Along with real estate crowdfunding, I regularly invest in Real Estate Investment Trusts (REITs), which are companies that solely derive income from property investments. In this article, I will share how I select the best REITs for my digital property portfolio.

We will see that even if REITs share a lot of common features with other dividend paying stocks, they have their own specificities as it’s also a way to invest in property. We will see the different criteria that I use for my own portfolio when investing in a REIT. Let’s dive in!

Dividend Yield & Dividend History

The first thing I do when selecting a REIT is quite similar to what I would do with any dividend paying stock: look at the dividend yield & dividend history.

You first have the dividend yield. This is the current annual yield of the investment. Usually, the yield of a REIT will be higher than other dividend paying stocks, as a REIT needs to distribute most of its profits as dividends. I usually look for REITs with yields around 5 or 6%, which are a bit lower than my other real estate investments.

Then, I look at the REIT dividend history. This is really important, as you want to invest in a REIT that has a good history of paying dividends. What is even more important is that the REIT has growing dividends over time, meaning that the company cares about its shareholders, and also that the dividend payouts will keep up with inflation.

Financials & Funds From Operations (FFO)

Just as with any other investment in a business, I then look at the financials of the company. You can look at the usual gross revenue, expenses and profits, but for a REIT there is another metric that is more important than profits: the funds from operations, or FFO.

Indeed, as a company deriving most of their profits from real estate, a REIT will usually count depreciation and amortisation of their portfolio to their earnings, meaning a lower profit on the balance sheet. But what we really want to look at is their funds from operations, which is the ‘real’ cash flow of the company obtained by adding depreciation & amortisation to their earnings. This is the metric that I look at when selecting a REIT, and comparing REITs between each other.

Type of Property Owned

Next, I look at the type of property that is owned by the REIT I want to invest in. Indeed, investing in REITs is a fantastic way to diversify your property portfolio in sectors that wouldn’t be accessible to you otherwise, like healthcare real estate, or large retail properties like shopping malls.

I also like to use REITs to invest in really specialised real estate, like I did with a company called DLR (Digital Realty Trust Inc), which is a company that invest in real estate dedicated to hosting computer servers. I think is a very good sector that will have a strong growth in the future, and unless you have millions of dollars to invest, this kind of investment is only accessible via a REIT.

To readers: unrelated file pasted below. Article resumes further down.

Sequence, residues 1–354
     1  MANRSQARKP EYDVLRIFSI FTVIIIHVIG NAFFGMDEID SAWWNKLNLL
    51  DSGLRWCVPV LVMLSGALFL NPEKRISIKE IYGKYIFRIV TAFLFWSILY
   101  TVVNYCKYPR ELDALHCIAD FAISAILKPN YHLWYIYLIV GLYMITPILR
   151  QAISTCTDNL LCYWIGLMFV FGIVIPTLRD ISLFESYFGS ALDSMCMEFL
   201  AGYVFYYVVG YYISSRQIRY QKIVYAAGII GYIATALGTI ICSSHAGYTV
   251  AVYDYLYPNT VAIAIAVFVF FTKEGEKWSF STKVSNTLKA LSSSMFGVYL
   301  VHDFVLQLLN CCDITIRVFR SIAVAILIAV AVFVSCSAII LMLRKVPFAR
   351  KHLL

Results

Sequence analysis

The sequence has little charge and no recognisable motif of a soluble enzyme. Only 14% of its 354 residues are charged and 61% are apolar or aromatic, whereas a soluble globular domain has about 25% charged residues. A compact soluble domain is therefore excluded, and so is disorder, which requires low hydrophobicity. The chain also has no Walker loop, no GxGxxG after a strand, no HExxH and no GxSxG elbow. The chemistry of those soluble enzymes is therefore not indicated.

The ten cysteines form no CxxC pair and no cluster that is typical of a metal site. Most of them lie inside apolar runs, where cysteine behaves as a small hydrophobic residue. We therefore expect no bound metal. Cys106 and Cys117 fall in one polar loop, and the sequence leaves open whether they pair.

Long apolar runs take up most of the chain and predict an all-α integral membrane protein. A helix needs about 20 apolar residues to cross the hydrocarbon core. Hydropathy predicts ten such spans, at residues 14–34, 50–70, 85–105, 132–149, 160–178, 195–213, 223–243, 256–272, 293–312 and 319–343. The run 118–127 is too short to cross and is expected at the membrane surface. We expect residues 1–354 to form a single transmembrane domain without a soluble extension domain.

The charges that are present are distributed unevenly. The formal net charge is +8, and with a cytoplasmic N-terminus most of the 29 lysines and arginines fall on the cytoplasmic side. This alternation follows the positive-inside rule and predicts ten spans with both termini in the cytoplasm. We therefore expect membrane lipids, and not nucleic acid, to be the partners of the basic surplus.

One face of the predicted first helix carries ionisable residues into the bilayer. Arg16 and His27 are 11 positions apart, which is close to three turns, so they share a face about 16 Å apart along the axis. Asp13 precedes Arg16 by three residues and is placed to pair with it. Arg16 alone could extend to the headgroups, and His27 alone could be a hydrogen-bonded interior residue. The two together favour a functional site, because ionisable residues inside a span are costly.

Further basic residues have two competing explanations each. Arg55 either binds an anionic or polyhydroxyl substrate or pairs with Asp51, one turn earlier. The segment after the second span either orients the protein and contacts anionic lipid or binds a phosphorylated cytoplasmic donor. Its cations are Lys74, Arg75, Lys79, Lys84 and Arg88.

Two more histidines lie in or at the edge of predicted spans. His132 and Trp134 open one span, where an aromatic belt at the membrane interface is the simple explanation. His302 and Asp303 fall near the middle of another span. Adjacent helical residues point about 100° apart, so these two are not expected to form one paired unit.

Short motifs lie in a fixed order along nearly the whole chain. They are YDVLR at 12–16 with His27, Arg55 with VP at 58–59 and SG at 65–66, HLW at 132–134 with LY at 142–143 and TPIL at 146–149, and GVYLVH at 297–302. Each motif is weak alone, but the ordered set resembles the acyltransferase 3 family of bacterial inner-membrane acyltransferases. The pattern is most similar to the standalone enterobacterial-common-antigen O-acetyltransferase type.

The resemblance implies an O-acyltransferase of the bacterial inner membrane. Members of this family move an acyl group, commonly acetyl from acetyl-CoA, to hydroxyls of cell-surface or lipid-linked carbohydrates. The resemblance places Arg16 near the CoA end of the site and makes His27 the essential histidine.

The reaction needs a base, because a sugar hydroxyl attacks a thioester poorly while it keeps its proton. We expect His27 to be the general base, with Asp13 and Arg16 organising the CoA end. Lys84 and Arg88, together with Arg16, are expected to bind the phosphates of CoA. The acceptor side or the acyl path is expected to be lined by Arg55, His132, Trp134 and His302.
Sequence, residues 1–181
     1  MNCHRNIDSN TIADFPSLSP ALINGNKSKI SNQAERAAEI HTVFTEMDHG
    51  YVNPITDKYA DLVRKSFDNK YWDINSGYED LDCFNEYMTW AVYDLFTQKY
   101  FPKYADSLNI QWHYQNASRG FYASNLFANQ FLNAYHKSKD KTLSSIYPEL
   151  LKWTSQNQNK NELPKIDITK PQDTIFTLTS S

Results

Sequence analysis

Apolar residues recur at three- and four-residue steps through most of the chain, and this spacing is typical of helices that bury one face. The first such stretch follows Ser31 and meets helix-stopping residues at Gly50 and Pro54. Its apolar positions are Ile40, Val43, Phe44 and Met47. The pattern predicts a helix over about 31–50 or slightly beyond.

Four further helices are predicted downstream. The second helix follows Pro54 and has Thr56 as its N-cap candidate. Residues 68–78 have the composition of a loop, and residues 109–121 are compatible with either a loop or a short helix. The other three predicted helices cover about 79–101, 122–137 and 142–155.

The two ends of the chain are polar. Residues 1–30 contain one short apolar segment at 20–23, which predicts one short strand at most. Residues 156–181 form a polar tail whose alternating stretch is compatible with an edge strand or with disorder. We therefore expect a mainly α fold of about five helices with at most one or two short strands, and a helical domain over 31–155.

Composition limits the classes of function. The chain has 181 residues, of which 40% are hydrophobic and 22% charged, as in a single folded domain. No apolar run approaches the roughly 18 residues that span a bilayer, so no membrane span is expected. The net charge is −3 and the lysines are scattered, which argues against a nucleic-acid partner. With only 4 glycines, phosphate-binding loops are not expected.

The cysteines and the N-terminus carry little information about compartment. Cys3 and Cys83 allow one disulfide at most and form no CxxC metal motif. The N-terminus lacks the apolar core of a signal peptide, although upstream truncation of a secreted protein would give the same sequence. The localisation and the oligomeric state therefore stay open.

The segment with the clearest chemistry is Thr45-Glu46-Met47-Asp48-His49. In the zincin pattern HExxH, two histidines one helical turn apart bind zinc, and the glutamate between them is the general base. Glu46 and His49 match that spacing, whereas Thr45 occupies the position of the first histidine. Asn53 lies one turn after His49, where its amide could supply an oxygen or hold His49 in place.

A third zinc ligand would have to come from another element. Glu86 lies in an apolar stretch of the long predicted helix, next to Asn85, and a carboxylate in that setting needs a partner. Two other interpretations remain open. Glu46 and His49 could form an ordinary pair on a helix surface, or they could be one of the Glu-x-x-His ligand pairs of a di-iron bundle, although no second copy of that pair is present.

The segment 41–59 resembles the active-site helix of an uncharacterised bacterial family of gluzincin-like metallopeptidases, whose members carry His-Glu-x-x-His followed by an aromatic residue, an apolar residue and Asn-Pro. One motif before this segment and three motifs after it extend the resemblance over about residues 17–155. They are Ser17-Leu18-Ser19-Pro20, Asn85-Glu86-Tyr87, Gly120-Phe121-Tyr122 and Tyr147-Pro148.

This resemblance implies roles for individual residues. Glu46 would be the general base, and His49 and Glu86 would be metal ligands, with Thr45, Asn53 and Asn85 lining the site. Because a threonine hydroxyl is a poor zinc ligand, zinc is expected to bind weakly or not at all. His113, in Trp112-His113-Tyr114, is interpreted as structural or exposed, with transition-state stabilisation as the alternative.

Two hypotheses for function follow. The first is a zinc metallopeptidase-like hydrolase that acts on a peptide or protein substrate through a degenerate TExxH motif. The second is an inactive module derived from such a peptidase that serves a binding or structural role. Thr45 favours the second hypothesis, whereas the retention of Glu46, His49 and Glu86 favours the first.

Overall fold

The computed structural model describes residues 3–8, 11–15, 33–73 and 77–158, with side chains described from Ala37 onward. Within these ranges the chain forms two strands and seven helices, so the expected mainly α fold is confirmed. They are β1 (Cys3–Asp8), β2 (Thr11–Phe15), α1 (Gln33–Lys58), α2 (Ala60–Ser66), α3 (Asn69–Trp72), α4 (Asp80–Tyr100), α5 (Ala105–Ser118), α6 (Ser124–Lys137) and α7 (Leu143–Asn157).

Geographical Location

I also look at where the property portfolio of the REIT is located, to see if it can diversify my real estate investment portfolio geographically. Indeed, it’s really easy to invest abroad when using REITs: usually, you will have access to a wide selection of stock exchanges from the broker that you will use to invest in REITs. In a few clicks, you can invest virtually anywhere on the planet.

Therefore, even if most of my REITs investments are located in the US, I have some of them where I live at the moment (in Europe), but also in Hong Kong or Singapour. I really like to use REITs to diversify my portfolio all around the world, as it’s nowadays so easy to do so.

What About REITs ETFs ?

Finally, I wanted to end this article with another consideration when selecting REITs: what about REITs ETFs? As you might know, ETF stands for Exchange Traded Fund, which is a mutual fund composed of several positions, but that you can buy on the stock market just like another stock.

There are indeed ETFs out there that are solely composed of REITs. I have some in my portfolio, that I bought when I started investing in dividend paying stocks. However, I really recommend selecting good REITs yourself instead, rather than relying on an ETF that will have a wide selection of REITs inside it.

These were the criteria that I use personally when investing in REITs. What criteria do you use to select your REITs investments? Don’t hesitate to share below!